Chairman of Senate Environment and Public Works Committee to Deliver
Breakfast Keynote on Thursday, June 11
U.S. Sen. James Inhofe (R-OK), chairman of the Senate Environment and Public Works Committee, will open the Tenth International Conference on Climate Change (#ICCC10) with a breakfast keynote speech at the Washington Court Hotel in Washington, DC on Thursday, June 11, at 8:00 a.m.
The two-day conference, hosted by The Heartland Institute, will explore the following important questions:
■ Is climate science sufficiently advanced to allow accurate forecasts of future temperatures and weather?
■ Are temperatures more likely to cool than warm in the next century?
■ Should policies adopted at the height of the global warming scare be repealed and replaced with pro-environment, pro-energy, and pro-jobs policies?
■ Given the new science and economics of climate change, isn’t it time for a fresh start to the debate over what, if anything, to do about global warming?
Register to attend as media at this link.
During his tenure in Congress, Inhofe has forged a distinguished legislative record on a diverse range of issues. He may be best known for his work to stop Congress from imposing an economy-wrecking climate tax on the American people through his position as chairman of the Senate Environment and Public Works Committee. Inhofe is a lifelong Oklahoman who grew up in Tulsa and graduated from the University of Tulsa with a degree in economics.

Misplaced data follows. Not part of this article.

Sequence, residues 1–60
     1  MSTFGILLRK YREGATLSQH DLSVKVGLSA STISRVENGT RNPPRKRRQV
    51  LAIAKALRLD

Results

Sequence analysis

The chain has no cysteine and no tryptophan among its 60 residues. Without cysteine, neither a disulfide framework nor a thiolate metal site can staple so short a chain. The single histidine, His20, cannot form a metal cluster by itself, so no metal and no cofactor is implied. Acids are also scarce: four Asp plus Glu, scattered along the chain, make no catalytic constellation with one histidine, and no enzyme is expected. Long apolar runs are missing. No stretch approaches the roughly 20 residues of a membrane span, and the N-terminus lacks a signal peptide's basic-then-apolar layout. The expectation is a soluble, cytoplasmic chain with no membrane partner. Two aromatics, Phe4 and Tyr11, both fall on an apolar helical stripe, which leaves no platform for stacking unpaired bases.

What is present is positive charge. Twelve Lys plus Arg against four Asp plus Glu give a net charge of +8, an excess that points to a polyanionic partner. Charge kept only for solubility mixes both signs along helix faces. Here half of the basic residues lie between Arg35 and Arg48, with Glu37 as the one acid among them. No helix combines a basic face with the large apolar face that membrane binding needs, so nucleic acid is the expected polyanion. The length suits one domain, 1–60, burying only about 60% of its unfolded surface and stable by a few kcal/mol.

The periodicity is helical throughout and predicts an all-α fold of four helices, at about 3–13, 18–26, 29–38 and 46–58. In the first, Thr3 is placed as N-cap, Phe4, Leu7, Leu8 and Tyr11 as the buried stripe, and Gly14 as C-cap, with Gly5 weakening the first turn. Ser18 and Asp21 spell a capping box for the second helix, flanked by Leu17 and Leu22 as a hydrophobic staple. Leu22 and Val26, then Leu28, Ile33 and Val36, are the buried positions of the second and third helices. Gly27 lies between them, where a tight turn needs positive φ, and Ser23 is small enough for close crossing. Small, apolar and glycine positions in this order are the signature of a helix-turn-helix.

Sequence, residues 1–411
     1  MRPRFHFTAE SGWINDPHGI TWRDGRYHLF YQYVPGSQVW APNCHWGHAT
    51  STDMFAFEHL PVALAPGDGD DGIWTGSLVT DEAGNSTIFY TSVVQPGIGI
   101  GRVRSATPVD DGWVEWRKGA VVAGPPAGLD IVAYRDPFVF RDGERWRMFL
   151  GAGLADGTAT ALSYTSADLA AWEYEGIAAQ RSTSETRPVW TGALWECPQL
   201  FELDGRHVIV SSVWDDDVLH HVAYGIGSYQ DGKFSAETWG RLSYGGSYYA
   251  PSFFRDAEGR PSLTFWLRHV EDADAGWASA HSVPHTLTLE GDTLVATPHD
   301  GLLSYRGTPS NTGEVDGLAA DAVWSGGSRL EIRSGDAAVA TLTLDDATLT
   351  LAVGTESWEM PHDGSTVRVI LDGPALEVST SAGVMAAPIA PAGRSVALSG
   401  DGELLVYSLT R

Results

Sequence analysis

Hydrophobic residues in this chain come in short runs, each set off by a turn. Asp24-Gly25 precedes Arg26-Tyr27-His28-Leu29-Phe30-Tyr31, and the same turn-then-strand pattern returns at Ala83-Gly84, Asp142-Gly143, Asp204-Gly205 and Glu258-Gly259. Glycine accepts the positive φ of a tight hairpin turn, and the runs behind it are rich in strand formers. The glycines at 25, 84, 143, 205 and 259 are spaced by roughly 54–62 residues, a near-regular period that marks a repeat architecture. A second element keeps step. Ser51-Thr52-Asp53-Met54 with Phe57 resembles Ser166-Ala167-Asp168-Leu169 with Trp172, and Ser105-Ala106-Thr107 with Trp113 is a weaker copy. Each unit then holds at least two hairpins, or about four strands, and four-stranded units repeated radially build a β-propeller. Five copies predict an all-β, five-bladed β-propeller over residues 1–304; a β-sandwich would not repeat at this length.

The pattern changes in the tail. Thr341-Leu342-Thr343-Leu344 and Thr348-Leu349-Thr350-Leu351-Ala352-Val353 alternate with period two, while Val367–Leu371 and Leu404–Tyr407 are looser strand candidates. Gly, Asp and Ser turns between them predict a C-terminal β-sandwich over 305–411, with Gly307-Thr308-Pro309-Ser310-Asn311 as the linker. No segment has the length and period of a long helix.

This is the second time Inhofe has addressed attendees at a climate conference sponsored by The Heartland Institute, speaking previously at ICCC3 in Washington, DC in 2009.
Among other things, conference speakers will discuss:
■ Satellite data that show the global atmospheric temperature has not risen since the late 1990s – 18 years and four months, to be exact – while human carbon dioxide emissions over that period represent 25 percent of all emissions since the dawn of the Industrial Revolution, which began 150 years ago.
■ Sea-level rise that has not accelerated beyond the trend that began at the end of the previous ice age.
■ The total amount of polar ice at the two poles is almost unchanged since satellites first measured it in the early 1970s.
Some of the policy questions the conference will explore and discuss:
■ Is the rising concentration of carbon dioxide in the atmosphere a net positive or net negative for plant life, animals, and human prosperity?
■ What is the cost of restrictions on energy generation and consumption imposed by the Obama administration and the United Nations?
■ Is it moral to withhold affordable and reliable energy from the impoverished living in the United States and those in developing countries?
This event is open to the public. Paid registration is required.
To see videos from The Heartland Institute’s nine previous International Conferences on Climate Change, click here.